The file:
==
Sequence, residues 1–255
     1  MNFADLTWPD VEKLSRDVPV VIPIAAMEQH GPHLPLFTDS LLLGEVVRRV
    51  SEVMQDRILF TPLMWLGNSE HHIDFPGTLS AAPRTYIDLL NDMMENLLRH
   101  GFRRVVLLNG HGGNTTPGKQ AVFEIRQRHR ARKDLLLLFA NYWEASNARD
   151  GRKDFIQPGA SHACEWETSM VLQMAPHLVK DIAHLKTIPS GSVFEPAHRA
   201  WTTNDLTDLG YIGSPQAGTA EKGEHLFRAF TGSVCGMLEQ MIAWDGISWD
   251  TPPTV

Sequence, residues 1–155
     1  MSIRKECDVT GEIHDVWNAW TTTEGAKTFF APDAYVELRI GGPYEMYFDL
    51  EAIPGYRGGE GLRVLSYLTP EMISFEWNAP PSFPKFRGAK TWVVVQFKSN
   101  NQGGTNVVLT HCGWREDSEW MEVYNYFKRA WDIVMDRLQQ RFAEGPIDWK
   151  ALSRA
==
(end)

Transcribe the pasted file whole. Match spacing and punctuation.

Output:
Sequence, residues 1–255
     1  MNFADLTWPD VEKLSRDVPV VIPIAAMEQH GPHLPLFTDS LLLGEVVRRV
    51  SEVMQDRILF TPLMWLGNSE HHIDFPGTLS AAPRTYIDLL NDMMENLLRH
   101  GFRRVVLLNG HGGNTTPGKQ AVFEIRQRHR ARKDLLLLFA NYWEASNARD
   151  GRKDFIQPGA SHACEWETSM VLQMAPHLVK DIAHLKTIPS GSVFEPAHRA
   201  WTTNDLTDLG YIGSPQAGTA EKGEHLFRAF TGSVCGMLEQ MIAWDGISWD
   251  TPPTV

Sequence, residues 1–155
     1  MSIRKECDVT GEIHDVWNAW TTTEGAKTFF APDAYVELRI GGPYEMYFDL
    51  EAIPGYRGGE GLRVLSYLTP EMISFEWNAP PSFPKFRGAK TWVVVQFKSN
   101  NQGGTNVVLT HCGWREDSEW MEVYNYFKRA WDIVMDRLQQ RFAEGPIDWK
   151  ALSRA